Library and Information Science

Assignment

This assignment/activity works to pair students in fully online or hybrid courses in order to discuss, via phone or messaging app, any topic of choice. In this example, students in a 100-level composition course discuss their research topic of interest with their partner and offer each other suggestions for refinement. This assignment could be adapted in a variety of ways to support other research assignments or projects.

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A classroom activity and lesson plan for first-year students. Your students will learn to differentiate between different categories of items -- such as Popular/Scholarly, or Primary/Secondary/Tertiary -- by playing this fun and easy game.

Assignment

This low-stakes, in-class assignment is designed to help first-year seminar students learn about important library resources and present their findings to their fellow students. In teams, students complete a series of authentic research tasks (called challenges) such as selecting and citing images from our digital collection and using our discovery tool to find books on the library shelves. Each team is also assigned a unique challenge to learn more about the library.

Assignment

The goal of this activity is to explore spaces, services, and information literacy (IL) concepts through problem-based scenarios, guided discovery, and peer teaching. Ideal for orientations for K-12, undergraduate, transfer, or graduate students, but can also be used for instruction requests with no clear research assignment or at the start of a research project. Students work in groups to find solutions to a scenario using guided directions and tools, and then teach the rest of the class based on their findings.

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Students self-reflect on ways in which they do research and create knowledge. This is a discussion topic in an online library research class. My students are mostly adult learners with full-time jobs.

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A two-credit online undergraduate information literacy course used in an adult degree completion bachelor's program.

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Did fake news affect the presidential election? Do websites purposely publish misleading stories? In this workshop, learn how to evaluate the trustworthiness of news stories while responsibly sharing reliable information.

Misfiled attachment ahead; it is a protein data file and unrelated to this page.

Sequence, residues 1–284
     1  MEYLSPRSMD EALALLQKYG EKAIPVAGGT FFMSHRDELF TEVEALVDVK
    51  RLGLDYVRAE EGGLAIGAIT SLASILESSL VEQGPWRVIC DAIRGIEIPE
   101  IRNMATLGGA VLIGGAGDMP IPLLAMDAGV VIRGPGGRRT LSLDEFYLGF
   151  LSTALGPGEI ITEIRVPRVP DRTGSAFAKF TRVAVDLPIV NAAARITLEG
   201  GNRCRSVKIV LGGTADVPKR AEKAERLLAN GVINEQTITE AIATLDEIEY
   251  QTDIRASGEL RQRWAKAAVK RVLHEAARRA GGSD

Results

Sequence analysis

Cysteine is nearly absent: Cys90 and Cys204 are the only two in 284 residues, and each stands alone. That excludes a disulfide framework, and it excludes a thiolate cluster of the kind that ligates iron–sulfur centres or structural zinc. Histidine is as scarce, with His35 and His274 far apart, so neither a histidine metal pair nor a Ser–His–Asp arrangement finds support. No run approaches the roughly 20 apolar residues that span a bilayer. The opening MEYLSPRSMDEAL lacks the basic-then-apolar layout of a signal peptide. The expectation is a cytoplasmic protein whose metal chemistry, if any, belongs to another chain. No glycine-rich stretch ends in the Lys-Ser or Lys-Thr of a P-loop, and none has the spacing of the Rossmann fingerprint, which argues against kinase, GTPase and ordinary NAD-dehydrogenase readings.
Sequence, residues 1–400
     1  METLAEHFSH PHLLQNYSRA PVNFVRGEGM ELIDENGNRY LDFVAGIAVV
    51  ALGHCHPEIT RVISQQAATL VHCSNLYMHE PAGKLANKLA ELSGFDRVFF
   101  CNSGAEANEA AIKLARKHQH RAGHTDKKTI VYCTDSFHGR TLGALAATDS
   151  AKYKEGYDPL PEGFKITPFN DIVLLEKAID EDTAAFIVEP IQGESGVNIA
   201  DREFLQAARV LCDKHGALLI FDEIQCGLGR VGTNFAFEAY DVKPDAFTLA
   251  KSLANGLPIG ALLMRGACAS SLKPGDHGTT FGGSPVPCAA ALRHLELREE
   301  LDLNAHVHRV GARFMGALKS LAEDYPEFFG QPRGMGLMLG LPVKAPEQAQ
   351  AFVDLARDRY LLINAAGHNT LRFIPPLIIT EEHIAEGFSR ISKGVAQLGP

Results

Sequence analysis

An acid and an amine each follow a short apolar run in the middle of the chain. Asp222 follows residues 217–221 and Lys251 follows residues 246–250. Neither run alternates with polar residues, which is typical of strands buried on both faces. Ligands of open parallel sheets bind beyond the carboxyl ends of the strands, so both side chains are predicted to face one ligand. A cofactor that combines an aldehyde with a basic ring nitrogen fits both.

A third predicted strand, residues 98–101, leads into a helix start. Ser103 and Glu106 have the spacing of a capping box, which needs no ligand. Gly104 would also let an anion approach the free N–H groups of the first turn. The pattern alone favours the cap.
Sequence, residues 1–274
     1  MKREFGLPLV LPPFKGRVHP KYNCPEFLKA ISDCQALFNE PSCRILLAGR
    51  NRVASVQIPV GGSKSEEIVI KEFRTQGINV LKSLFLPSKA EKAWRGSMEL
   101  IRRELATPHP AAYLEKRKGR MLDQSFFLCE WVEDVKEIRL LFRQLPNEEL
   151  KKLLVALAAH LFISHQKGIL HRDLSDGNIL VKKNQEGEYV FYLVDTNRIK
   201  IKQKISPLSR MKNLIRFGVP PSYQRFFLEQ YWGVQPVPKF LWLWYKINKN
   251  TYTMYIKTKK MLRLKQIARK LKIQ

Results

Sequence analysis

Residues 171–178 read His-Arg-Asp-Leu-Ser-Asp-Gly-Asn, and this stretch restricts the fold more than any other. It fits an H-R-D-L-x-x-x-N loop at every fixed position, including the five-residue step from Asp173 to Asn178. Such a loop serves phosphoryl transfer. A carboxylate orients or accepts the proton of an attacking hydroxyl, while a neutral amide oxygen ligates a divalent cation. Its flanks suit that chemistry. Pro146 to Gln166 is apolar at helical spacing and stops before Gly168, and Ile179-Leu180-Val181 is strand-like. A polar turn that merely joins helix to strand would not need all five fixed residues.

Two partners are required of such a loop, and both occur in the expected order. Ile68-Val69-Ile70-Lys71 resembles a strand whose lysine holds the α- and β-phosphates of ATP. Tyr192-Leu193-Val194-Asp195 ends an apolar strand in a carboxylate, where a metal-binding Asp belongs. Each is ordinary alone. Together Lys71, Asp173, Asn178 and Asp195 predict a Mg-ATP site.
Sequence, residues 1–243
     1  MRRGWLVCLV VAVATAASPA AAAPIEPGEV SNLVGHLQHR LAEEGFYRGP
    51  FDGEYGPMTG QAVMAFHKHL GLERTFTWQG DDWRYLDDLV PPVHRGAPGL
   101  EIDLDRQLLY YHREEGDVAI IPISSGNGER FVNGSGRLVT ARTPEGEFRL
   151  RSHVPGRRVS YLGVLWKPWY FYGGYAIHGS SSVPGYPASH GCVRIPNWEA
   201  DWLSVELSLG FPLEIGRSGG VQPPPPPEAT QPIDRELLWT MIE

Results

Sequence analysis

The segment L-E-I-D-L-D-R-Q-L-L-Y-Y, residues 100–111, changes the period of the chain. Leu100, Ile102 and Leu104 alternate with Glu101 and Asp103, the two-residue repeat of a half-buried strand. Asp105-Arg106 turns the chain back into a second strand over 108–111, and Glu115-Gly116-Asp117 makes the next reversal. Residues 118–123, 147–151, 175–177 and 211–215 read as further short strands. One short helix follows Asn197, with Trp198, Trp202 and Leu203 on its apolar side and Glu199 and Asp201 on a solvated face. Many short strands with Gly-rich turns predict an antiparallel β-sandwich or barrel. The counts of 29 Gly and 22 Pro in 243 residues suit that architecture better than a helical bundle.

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Are you finding reliable sources for your research papers and projects? Has your professor asked you to use scholarly sources? What is a scholarly source anyway? In this workshop, learn how to critically evaluate the information you find through books, articles, and websites.

**This lesson plan was adapted from "Establishing and Applying Evaluation Criteria" p. 74 -78 in Teaching Information Literacy Threshold Concepts Lesson Plans for Librarians, edited by Bravender, McClure, and Schaub (2015).**

Assignment

This 30-minute activity demonstrates how to search in Google Scholar and explains how results are ranked. It requires students to explore Google Scholar and encourages students to reflect on potential biases this tool might have in regards to research. This lesson plan was Part 2 of an hour-long workshop that also included a 30 minute search engine algorithmic bias lesson.

Assignment

This 30-minute activity was a quick introduction to algorithmic bias and the importance of critically evaluating search engine results. Algorithms increasingly shape modern life and can perpetuate bias and discrimination. In pairs, students analyzed the results from Google Image searches and Google Autocomplete suggestions. This activity was based on “Algorithms of Oppression: How Search Engines Reinforce Racism,” by Safiya Umoja Noble. This lesson plan was Part 1 of an hour-long workshop that also included a 30 minute Google Scholar activity.

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